onsdag, februar 28, 2007

Letter from Afar

Long ago I wrote a letter to the Australian band the Cannanes. I've followed them for years years years and have given them a couple mentions in this blog. (I was under the impression I'd posted my last communication with them, but perhaps I'd dreamed it? Does anyone recall this exchange?)

The letter Stephen O'Neill sent yesterday was really sweet. So I share here the letter I sent them and the letter he sent:


I feel like my shoulders are slumping today. My shoulders are slumping today, without reason. I realized this through the instant gratification (or horror) one achieves with digital cameras. Zounds! But one must persevere, nonetheless.

Please add me to your newsletter list, friends, if you can stomach the thought. I think your work is lovely.

A few years ago I went a whole week during which the only song I'd listen to was "Chosen One." There was no issue in my life from which I was seeking solace. The hammers in my head were not busy constructing a new wing to the bird-chatter fantasy world I normally kick about in. It was a fine morning, actually, a whole series of them. But I put that song on and suddenly was like, "No more songs but this." I was blissed out that week. Hey: Nice one. Thanks for that.

In short, you do fine work. I've listened for years and am really happy you continue to be obsessive about not just playing music but recording it. We appreciate it. May the music and good times continue to multiply.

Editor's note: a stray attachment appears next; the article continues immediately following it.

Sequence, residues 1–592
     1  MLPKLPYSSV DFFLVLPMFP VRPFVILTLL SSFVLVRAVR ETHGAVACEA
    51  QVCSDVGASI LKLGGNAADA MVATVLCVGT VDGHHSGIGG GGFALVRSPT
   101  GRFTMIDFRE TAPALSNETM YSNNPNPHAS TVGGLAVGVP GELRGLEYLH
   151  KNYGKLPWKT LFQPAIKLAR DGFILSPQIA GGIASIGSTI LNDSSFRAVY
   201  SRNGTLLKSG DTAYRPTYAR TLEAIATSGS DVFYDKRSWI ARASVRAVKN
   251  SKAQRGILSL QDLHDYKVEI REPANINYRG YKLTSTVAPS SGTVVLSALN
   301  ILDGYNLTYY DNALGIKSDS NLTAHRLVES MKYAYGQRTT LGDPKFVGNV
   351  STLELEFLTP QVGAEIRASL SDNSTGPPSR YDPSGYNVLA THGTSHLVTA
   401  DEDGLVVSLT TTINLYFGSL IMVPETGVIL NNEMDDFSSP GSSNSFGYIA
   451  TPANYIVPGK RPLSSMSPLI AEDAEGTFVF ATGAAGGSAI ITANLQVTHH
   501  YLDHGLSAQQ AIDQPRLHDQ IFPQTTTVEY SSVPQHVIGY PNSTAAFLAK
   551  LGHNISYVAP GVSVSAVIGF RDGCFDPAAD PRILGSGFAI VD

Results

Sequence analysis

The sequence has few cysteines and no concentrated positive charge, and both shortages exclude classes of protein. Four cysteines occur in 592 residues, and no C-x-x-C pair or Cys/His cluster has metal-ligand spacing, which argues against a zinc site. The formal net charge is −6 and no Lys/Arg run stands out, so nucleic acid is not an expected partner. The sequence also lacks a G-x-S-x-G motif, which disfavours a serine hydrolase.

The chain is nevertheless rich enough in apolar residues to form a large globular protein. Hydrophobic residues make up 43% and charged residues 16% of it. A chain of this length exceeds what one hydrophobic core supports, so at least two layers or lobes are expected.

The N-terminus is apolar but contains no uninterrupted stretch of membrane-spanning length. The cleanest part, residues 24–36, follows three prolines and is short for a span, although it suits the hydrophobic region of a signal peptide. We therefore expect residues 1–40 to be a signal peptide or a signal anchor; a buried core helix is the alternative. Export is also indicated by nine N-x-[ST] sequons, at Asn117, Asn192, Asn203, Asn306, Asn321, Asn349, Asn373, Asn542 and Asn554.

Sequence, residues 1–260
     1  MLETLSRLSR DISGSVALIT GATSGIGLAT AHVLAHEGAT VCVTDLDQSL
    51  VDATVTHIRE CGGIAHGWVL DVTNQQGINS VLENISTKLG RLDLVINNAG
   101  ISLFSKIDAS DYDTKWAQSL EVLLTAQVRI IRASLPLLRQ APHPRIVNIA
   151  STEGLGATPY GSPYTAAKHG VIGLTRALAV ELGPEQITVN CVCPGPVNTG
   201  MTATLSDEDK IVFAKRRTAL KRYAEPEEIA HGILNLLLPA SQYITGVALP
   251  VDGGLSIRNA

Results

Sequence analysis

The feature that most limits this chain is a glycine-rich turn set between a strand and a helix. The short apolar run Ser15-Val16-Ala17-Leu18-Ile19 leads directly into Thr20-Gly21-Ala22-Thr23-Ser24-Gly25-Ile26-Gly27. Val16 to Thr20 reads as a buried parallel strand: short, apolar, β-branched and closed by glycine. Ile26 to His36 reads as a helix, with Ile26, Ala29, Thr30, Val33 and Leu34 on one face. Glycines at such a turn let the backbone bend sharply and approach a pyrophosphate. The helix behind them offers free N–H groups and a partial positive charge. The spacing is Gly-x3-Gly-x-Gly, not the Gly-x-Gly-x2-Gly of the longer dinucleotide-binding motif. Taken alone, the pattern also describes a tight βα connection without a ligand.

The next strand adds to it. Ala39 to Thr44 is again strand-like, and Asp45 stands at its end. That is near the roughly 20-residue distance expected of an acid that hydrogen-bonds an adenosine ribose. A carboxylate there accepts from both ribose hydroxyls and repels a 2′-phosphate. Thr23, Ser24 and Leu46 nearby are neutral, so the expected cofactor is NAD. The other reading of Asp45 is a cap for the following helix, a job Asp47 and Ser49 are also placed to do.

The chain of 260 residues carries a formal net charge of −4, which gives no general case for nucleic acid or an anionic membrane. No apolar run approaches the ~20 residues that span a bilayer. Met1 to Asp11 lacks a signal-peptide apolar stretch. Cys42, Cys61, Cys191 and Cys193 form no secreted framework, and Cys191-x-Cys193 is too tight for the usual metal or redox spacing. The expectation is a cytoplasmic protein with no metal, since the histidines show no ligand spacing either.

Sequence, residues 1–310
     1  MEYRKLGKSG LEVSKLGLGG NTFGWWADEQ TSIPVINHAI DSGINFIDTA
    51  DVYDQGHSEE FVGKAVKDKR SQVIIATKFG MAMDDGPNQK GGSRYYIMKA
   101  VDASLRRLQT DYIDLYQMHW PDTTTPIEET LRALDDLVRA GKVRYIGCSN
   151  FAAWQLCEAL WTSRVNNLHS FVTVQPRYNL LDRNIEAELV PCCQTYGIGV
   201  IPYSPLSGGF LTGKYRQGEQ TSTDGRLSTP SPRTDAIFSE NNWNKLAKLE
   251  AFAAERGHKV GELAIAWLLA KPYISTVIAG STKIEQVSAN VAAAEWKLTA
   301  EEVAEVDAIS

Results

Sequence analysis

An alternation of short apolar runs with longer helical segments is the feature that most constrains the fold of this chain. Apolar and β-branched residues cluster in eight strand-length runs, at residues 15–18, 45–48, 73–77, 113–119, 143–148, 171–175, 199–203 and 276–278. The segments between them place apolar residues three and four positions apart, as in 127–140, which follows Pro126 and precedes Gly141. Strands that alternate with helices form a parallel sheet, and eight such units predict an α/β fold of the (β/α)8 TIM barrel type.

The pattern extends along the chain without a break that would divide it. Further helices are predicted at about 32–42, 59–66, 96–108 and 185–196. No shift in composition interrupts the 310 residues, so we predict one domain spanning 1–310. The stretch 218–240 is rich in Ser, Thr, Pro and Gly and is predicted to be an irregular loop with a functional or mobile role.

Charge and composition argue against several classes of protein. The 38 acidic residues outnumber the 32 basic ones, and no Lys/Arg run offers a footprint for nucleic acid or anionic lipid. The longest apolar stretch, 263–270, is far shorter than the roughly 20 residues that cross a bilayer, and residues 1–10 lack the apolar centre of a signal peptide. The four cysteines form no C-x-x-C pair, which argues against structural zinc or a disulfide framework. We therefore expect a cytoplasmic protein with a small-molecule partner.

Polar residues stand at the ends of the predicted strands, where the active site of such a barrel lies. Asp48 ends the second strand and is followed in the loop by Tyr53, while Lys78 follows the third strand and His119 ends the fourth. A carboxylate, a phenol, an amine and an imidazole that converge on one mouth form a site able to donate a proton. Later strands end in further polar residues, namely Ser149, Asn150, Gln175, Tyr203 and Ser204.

All best from Saint Paul, Minnesota, USA,


Dear Christopher,

Thanks for getting in touch and my profusest apologies for the length of time it's taken us to get back to you (bit of confusion over who was to check this email account).

Anyways, glad you wrote re- Chosen One, one of my personal favourites and one Fran has steadfastly refused to do live for many many years but I think your email may bring her round!

I'll add you onto our US newsletter list so hopefully you'll only get email if we are heading your way (possibly in May 2008) or have a new release (hopefully soon). If you'd like a copy of our latest EP [ie 3" CD] send your address and I'll try and zip one off to you in a shorter space of time than it's taken to reply to your email! - I
hoping to have some covers printed up in the next 4-6 weeks.

Thanks again for signing up and sorry again for our slackness in replying.

Stephen O'Neil
per The C's


Saint Joseph's Academy is one of my neighbors--seen here just after the weekend's snowfall. More snow is on the way. It'll be hell to park here, but the neighborhood will look lovely.

tirsdag, februar 27, 2007